Jubilee Ruby expected to fetch up to $15 million

A spectacular 15.99ct ruby ring goes under the hammer at Christie’s New York next month of a caliber not seen since 1990.

Verdura Jubilee Ruby ring

A resplendent 15.99ct Burmese ruby ring by legendary jeweler Verdura will lead the Christie’s Magnificent Jewels auction on April 20 in New York City. 

The last time a crimson gemstone of this caliber appeared on a US jewelry auction block was back in 1990 when a 16.20ct Burmese ruby went under the hammer at Christie’s New York. 

Now, two and half decades later, all eyes are on the so-called Jubilee Ruby ring featuring an oval-cut Burmese ruby that boasts exceptional size, color and quality. Framed by white diamonds, the stone is set into a platinum and 18ct yellow gold mounting signed by Verdura - one of the most pre-eminent jewelry designers of the last century. With a pre-sale estimate of $12-15 million, the jewel looks set to enter the record book some of the world’s most expensive jewelry.

This 15.99ct Burmese ruby ring by Verdura, known as the Jubilee Ruby, sold for $14.16 million at Christie's New York.

While emeralds, sapphires, and diamonds regularly appear on the market in important sizes, large rubies of Burmese origin are extremely rare. To find an almost circular-cut, unheated gem weighing more than 15cts, with near perfect crystallization, is the dream of every gemstone connoisseur. To say the Jubilee Ruby is worthy of a king would be no exaggeration. Until the middle of the 19th century, only the Sovereign of Burma or an individual deemed worthy by him, would have been allowed the privilege of possessing such a magnificent gemstone.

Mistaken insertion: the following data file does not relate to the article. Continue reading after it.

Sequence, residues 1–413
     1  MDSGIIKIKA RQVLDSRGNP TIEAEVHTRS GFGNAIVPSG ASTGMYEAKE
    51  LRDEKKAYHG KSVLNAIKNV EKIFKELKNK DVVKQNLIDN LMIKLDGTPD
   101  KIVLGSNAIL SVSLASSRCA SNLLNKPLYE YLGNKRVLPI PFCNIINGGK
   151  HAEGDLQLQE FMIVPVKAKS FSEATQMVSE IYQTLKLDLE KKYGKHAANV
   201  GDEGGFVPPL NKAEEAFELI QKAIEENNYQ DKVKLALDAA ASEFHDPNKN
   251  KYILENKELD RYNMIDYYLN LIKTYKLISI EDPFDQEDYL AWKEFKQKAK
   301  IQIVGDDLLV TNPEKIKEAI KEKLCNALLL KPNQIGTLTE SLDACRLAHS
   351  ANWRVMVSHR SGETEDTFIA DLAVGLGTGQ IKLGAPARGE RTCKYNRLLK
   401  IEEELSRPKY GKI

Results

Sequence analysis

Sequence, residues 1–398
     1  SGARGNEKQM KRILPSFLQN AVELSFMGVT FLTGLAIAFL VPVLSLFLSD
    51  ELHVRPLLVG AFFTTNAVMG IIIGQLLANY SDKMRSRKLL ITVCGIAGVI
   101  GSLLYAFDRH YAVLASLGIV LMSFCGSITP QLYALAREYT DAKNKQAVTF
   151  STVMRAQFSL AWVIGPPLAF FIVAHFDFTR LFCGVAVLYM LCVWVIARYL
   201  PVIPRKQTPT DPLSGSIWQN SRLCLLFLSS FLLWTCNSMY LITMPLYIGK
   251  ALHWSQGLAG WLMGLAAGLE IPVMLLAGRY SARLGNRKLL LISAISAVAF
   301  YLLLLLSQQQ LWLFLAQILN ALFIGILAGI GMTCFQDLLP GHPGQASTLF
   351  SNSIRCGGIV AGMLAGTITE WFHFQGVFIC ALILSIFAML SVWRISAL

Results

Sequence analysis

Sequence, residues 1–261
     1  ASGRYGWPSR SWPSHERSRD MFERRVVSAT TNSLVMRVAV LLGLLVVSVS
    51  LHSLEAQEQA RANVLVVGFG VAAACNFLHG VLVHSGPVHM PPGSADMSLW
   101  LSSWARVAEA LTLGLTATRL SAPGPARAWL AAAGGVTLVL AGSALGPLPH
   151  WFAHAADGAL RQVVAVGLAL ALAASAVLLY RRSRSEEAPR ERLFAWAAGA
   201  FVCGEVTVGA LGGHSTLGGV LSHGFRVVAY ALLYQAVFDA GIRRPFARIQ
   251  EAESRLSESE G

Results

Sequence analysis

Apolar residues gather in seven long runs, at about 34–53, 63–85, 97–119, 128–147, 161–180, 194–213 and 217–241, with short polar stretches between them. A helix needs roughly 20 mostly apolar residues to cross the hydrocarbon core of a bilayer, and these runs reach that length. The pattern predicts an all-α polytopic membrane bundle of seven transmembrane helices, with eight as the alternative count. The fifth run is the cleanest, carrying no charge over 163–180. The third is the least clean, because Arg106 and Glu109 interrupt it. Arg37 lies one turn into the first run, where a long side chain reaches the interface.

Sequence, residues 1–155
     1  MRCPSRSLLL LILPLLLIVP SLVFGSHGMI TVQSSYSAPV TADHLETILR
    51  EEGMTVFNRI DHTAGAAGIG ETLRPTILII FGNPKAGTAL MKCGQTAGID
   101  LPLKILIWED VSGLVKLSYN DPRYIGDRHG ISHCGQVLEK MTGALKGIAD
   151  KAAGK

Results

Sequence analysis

Although rubies can be found in various countries, it is the legendary mines of Burma that have yielded the most beautiful gems over the centuries. Historically, they have been mined in the Mogok Valley in the northern part of Burma, which is only two miles long and a half mile wide. It is the high chromium content in the ground that accounts for the extremely saturated red color, often referred to as pigeon’s blood, while the natural fluorescence has the effect of making the stones appear internally illuminated. 

The Sunrise Ruby, which sold for $30.3m at Sotheby’s Geneva last year, is still the title holder for the world’s most expensive ruby, while the Crimson Flame Ruby set a new world record per carat at $1.2m at Christie’s Hong Kong in December 2015. 

 “Top quality Burmese rubies over 15cts are an absolute rarity in the world of colored gemstones,” said Rahul Kadakia, international head of jewelry at Christie’s. “The record price of $18.3m achieved for the 15.04ct Crimson Flame Ruby at Christie’s Hong Kong exemplified the voracious appetite of collectors for these gems.” 

He added: “Fittingly, the Jubilee Ruby comes up for sale at Christie’s 250th anniversary, allowing gem connoisseurs the opportunity to own the very best Burmese ruby offered for sale in the United States in over two and a half decades.”

Other top lots in next month’s jewelry auction include a 40.43ct perfect D color, flawless circular-cut diamond, a 10.07ct Fancy Intense purple-pink diamond ring, as well as jewels signed by Cartier, Graff, Harry Winston and Van Cleef & Arpels. 

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